The Pacific Northwest owes some of its most dramatic scenery to the majesty of Cascade volcanoes, but the real action lies out of sight underground.
CORVALLIS, Ore. – The Pacific Northwest owes some of its most dramatic scenery to the majesty of Cascade volcanoes, but the real action lies out of sight underground.
At the March 9 Corvallis Science Pub, Adam Schultz, director of the National Geoelectromagnetic Facility at Oregon State University, will describe what scientists have discovered about the plumbing beneath Oregon and Washington.
Like an MRI of the human body, the technology known as magnetotellurics reveals contrasts in the electrical properties of the Earth. The resulting images illuminate the nature of subsurface structures, including their geometry and possible composition. When scientists apply this and other methods in the same location, they can improve interpretations of these features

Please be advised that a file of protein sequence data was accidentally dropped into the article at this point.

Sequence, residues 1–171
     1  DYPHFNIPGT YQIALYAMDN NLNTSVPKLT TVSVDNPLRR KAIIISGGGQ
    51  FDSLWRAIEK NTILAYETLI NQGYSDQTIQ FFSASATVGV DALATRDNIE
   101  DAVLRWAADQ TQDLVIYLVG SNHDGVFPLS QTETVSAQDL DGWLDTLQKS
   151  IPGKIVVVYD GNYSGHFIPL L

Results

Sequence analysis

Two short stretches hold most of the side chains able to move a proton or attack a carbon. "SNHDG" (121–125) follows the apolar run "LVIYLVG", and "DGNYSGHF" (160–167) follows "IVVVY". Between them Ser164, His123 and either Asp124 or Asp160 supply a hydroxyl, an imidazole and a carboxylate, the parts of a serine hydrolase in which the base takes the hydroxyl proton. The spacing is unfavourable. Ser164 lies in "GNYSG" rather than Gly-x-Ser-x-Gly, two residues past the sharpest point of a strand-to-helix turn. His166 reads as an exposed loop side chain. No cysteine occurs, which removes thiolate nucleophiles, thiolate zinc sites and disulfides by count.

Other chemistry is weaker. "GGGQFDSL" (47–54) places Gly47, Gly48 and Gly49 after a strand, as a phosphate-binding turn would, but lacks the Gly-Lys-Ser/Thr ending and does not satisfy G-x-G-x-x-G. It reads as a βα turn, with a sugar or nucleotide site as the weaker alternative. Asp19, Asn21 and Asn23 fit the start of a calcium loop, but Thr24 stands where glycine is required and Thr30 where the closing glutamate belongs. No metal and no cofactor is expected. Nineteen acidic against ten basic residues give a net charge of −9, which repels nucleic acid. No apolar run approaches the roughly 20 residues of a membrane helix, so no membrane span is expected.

A professor in the College of Earth, Ocean, and Atmospheric Sciences at OSU, Schultz also directs the magnetotelluric component of Earthscope. This National Science Foundation-funded program investigates North America’s basement, the structure of the continental plate from the Pacific to the Atlantic.
Schultz received his Ph.D. in 1986 from the University of Washington. He has taught at the University of Cambridge and Cardiff University in the United Kingdom and came to OSU in 2003.
The Science Pub presentation is free and open to the public. It begins at 6 p.m. at the Old World Deli, 341 S.W. 2nd St. in Corvallis. Sponsors of Science Pub include Terra magazine at OSU, the Downtown Corvallis Association and the Oregon Museum of Science and Industry.